The Wind & The Water

Take a boat, a brisk wind, and a race, and you’ve got a bunch of happy sailors. That’s what you’ll find among the ranks of the Lake Eustis Sailing Club (LESC).


The club’s mission is “to foster and promote One Design Racing among sailors of all ages.” One Design is a designation for racing, which means the sailboats are all the same type in the race, and they sail as a class.


The LESC clubhouse is just off County Road 19 in Eustis, along the shore of its namesake lake. The walls are filled with photographs from past races and regattas, along with flags from visiting sailing clubs that participated in special events. It has glass doors instead of outside walls, which open up to bring the outdoors inside.


Just outside the clubhouse, underneath a canopy of cypress tress laced with Spanish moss, are picnic tables positioned perfectly to take advantage of the lively breeze that dances across the water. The sun explodes into a thousand sparkles on the water’s surface, making it an ideal place to enjoy a club barbecue or watch the races.


To the east of the clubhouse, the boats are lined in their spaces, neatly stored and waiting for their owners to come and sail another day.


Mount Dora resident Martin Zonnenberg has been a member since 1998. He began sailing as a child living in Holland and has enjoyed it all his life. He continued his sailing while working in Atlanta and now enjoys being an active part of the club in his retirement.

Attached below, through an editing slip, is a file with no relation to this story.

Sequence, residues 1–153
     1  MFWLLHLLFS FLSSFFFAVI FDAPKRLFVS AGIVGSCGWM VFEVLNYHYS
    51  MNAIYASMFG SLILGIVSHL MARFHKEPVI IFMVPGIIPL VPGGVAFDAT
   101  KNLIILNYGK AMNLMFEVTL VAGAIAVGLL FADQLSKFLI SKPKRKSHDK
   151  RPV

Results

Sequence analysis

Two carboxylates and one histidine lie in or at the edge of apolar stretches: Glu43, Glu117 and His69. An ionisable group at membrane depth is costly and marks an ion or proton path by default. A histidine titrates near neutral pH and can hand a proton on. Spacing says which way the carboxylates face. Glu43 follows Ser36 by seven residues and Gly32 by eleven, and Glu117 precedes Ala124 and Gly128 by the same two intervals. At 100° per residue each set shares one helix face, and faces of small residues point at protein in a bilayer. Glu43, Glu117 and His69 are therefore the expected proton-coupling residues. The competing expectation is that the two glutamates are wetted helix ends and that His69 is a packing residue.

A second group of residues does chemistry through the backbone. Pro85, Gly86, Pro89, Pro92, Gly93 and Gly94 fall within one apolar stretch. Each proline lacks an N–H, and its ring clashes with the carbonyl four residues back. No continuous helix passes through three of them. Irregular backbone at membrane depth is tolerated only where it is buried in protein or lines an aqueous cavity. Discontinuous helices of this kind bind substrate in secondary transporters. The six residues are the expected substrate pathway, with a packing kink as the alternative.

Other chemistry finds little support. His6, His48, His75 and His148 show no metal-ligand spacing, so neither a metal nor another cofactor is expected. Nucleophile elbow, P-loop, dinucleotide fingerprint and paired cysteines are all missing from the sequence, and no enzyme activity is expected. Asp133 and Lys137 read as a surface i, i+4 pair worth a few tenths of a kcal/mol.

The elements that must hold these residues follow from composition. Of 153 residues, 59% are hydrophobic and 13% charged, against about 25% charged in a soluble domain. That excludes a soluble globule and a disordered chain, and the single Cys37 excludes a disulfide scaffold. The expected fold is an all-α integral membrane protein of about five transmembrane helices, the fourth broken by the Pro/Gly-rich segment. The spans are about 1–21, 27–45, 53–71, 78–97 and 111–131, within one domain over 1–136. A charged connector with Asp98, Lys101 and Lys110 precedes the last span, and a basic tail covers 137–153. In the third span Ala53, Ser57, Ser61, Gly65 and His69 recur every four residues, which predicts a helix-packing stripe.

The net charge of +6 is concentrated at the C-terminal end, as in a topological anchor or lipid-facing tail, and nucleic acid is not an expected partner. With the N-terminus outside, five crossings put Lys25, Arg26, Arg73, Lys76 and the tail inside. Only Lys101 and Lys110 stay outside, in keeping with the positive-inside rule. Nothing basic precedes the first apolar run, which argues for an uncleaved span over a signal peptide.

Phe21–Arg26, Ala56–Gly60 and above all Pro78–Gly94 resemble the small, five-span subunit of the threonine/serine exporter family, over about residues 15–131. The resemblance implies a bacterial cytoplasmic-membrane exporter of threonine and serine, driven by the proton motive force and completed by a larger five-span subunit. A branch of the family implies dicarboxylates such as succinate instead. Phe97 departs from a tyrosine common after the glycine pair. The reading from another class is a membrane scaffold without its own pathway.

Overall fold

Zonnenberg speaks proudly of how the club’s membership has increased to 130 members since the move to its present site.


“It’s paradise out here, and I think that’s the reason we’ve seen such tremendous growth,”  says Zonnenberg. “We’re not a cruising club, we’re dedicated to racing.”


Members of LESC use three major boats: MC Scow, Wayfarer, and Flying Scot. MC Scows make up about half of the racing fleet of the club. They are 16-feet, flat-bottomed boats that can be sailed by one or two people. Wayfarers are sloops, with a main sail and a jib sail. The final group is the Flying Scot, which are 19-foot sloops.


Leesburg resident Jim Lingeman is a member and has been sailing for 35 years. He says he got started a little later than most of the others in the club, but sailing is still his passion.


“You know, you can put your tube in the water here and go all the way to Jacksonville,” Lingeman says, looking out over the water. “This is an almost-perfect spot. We’ve had a nice, breezy spring, and there are no mountains here to distort the wind.”


Lake Eustis is part of the Harris Chain of Lakes in central Lake County. Connected by natural creeks, canals, and locks, the lakes are very popular for fishing as well as sporting boats. Boats can launch from any of the lakes and make their way downstream to the Ocklawaha River.


“We draw people from all over the country, who come here to sail,” Lingeman says. “We think we really help the Florida economy by bringing all these people in for the races. We attract members from a wide area, even from both coasts.”